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Beware of these common household items that could poison your child - Steve Farzam

Beware of These Common Household Items That Could Poison Your Child

In the United States, there are two children that die and more than 300 children under the age of 19 that are treated in emergency rooms everyday due to unintentional poisoning. While many of the chemicals used in the home are labeled with clear warning labels, there are everyday household items without labels that can pose a serious hazard to children as well. Beware of these common household items and ensure they are secure in your home.

Cosmetics and Personal Care

According to a 2016 report from the National Capital Poison Center, cosmetics and personal care products are the number one culprits of unintentional poisoning of children. Keep your makeup, skin-care and hair-care products, nail polish remover, and other toiletries in a cabinet or drawer where your child can’t reach them. Take extra precaution and add child locks to any cabinets they may be able to access.

Medication

All medication and pharmaceuticals, including over-the-counter medicines, vitamins, and supplements should be stored in their original container, out of reach of your child. Again, take extra precaution and add child locks to any cabinets they may be able to access. There is no such thing as a 100% child-proof lock or container, so be sure to keep these out of reach and dispose of unused, unneeded, or expired medication safely. You can do this by mixing them with coffee ground or kitty litter or turn them in at a local take-back program.

Household Cleaners

Bleach and drain cleaner are two of the most common household cleaners that can be fatal to children should they gain access to them. All household cleaners, including laundry and dishwasher detergent, should be stored in a cabinet with a lock or on a high shelf. While it might be more convenient to keep these close to or under the sink, these products contain an abundance of chemicals that can easily poison your child should they come across it. Also, keep them in their original containers, which often contain a childproof closure.

Topical Preparations

Items such as diaper rash creams, lotions, acne medications, camphor-based ointments like calamine – all of these products are poisonous if they are ingested. After every use of these items, ensure you are storing them where they cannot be reached by your child. Additionally, after every diaper change, put your diaper changing products out of your child’s reach.

Toys and Small Items

Toys with batteries, silica gel packets found inside shoe boxes, holiday decorations, coins, bubbles, and arts and crafts are just a selection of items that can be poisonous to your child. Supervise them when they are using arts and craft supplies and keep away batteries and small magnets.

Heart Attacks: Risk Factors, Warning Signs, and How to React

Every 40 seconds, someone in the United States has a heart attack. That’s more than 2,000 heart attacks per day. Also known as a myocardial infarction, occurs when blood is prevented from reaching the heart. This is the result of plaque buildup in the arteries from fats, cholesterol, and other harmful substances. As blood flow is inhibited, the heart can become damaged, or portions of it may be destroyed.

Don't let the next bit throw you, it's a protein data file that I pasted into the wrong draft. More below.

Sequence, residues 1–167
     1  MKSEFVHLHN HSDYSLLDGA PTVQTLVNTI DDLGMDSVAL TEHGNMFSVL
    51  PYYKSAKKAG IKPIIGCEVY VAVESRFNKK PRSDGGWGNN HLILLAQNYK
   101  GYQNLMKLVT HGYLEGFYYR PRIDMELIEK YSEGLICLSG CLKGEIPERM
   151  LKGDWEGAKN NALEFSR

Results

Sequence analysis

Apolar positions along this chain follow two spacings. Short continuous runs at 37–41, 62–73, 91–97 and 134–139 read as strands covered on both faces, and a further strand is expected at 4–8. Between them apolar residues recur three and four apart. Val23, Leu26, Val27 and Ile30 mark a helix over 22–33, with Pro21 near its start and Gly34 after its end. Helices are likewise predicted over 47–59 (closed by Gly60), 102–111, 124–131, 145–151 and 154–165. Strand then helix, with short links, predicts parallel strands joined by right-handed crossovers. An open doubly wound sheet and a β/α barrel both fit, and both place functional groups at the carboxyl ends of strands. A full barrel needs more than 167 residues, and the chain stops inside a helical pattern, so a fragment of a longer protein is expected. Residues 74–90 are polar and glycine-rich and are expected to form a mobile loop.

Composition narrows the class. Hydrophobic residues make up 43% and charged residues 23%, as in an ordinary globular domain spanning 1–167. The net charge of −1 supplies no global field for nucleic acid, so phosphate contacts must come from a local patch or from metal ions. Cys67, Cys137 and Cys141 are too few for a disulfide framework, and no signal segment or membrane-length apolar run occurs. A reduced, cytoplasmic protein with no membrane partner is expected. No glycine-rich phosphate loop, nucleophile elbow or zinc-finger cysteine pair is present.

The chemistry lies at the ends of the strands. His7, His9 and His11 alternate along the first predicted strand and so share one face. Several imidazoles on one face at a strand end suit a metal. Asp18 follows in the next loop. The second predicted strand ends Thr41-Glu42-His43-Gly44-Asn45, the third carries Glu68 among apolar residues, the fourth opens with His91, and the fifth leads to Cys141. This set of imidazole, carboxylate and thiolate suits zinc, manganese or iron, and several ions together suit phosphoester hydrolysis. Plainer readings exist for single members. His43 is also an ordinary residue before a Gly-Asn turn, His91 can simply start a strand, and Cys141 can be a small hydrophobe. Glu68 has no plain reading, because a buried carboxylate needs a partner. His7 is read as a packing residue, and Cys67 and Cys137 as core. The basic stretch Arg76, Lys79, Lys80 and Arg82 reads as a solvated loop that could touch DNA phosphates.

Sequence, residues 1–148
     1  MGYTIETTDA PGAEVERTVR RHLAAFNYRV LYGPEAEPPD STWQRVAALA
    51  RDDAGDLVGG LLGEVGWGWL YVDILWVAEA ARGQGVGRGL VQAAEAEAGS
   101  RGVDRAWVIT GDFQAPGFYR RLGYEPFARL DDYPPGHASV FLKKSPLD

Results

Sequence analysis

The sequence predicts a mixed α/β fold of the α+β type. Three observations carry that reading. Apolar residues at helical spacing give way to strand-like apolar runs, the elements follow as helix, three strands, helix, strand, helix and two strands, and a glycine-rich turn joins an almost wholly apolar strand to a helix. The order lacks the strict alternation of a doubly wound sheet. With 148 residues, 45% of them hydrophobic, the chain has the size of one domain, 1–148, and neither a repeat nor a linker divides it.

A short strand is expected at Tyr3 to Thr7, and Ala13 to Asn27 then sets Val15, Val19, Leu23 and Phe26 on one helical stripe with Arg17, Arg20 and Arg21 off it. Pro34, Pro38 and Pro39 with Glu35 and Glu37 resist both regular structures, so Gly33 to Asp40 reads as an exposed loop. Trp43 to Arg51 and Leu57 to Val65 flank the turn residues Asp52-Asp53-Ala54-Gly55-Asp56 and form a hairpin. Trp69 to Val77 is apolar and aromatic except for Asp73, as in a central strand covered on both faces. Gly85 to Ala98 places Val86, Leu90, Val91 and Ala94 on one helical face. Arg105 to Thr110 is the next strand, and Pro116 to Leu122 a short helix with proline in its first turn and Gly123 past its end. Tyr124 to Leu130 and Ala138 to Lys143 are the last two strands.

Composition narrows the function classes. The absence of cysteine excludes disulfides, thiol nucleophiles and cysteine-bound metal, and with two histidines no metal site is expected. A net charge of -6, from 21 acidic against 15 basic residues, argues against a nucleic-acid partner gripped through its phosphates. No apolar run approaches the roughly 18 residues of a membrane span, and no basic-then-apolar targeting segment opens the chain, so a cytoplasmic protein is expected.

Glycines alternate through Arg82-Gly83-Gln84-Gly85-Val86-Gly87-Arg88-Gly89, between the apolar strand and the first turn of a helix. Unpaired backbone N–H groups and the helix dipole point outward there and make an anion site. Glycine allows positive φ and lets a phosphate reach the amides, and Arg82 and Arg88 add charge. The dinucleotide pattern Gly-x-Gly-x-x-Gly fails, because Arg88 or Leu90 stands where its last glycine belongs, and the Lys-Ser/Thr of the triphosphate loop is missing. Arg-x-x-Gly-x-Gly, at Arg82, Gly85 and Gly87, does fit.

Controlling Risk Factors

There are many risk factors that can contribute to the likelihood of having a heart attack, some of which are beyond anyone’s control. For example, men over 45 and women who are 55 or older are far more likely to experience a heart attack. Additionally, family history and genetics can play a part.

Yet there are many factors that you can control and, through lifestyle changes, you can reduce the danger to your heart and your life. As high cholesterol contributes to the risk of heart attacks, eating a healthier diet can help. You may also need medication from a doctor to get your cholesterol under control. Quitting smoking and stopping recreational drug use can also have a big impact on your risks of having a heart attack.

Furthermore, talk to your doctor about starting a new exercise program. Regular physical activity can promote better heart health.

Warning Signs of a Heart Attack

While the signs and symptoms of a heart attack vary, these are the most common indications that you’re experiencing a heart attack:

  • Ache, pressure, tightness, or squeezing sensation in the chest or arms, which may spread to the jaw, neck, or back
  • Nausea
  • Heartburn or indigestion
  • Abdominal pain
  • Shortness of breath
  • Fatigue
  • Cold sweats
  • Dizziness

What to Do in the Event of a Heart Attack

If you recognize these symptoms, act quickly and call 9-1-1 for medical assistance. Many heart attacks prove fatal simply because people ignore these early warning signs. By the time they do seek help, it’s too late. If you’re unable to call for help for any reason, ask someone else to call for emergency services.

When you do see a doctor, they may prescribe nitroglycerin, either temporarily or as a long-term treatment. Similarly, your doctor may advise you to take chewable aspirin to help reduce the symptoms of a heart attack. In any case, you should avoid taking any medication, unless instructed to do so by your doctor.

A heart attack is a serious condition, even though the symptoms may not seem alarming at first. By changing your lifestyle and following your doctor’s instructions, you can reduce the likelihood of having a heart attack. Follow healthy heart advice, especially if you’ve already had one heart attack.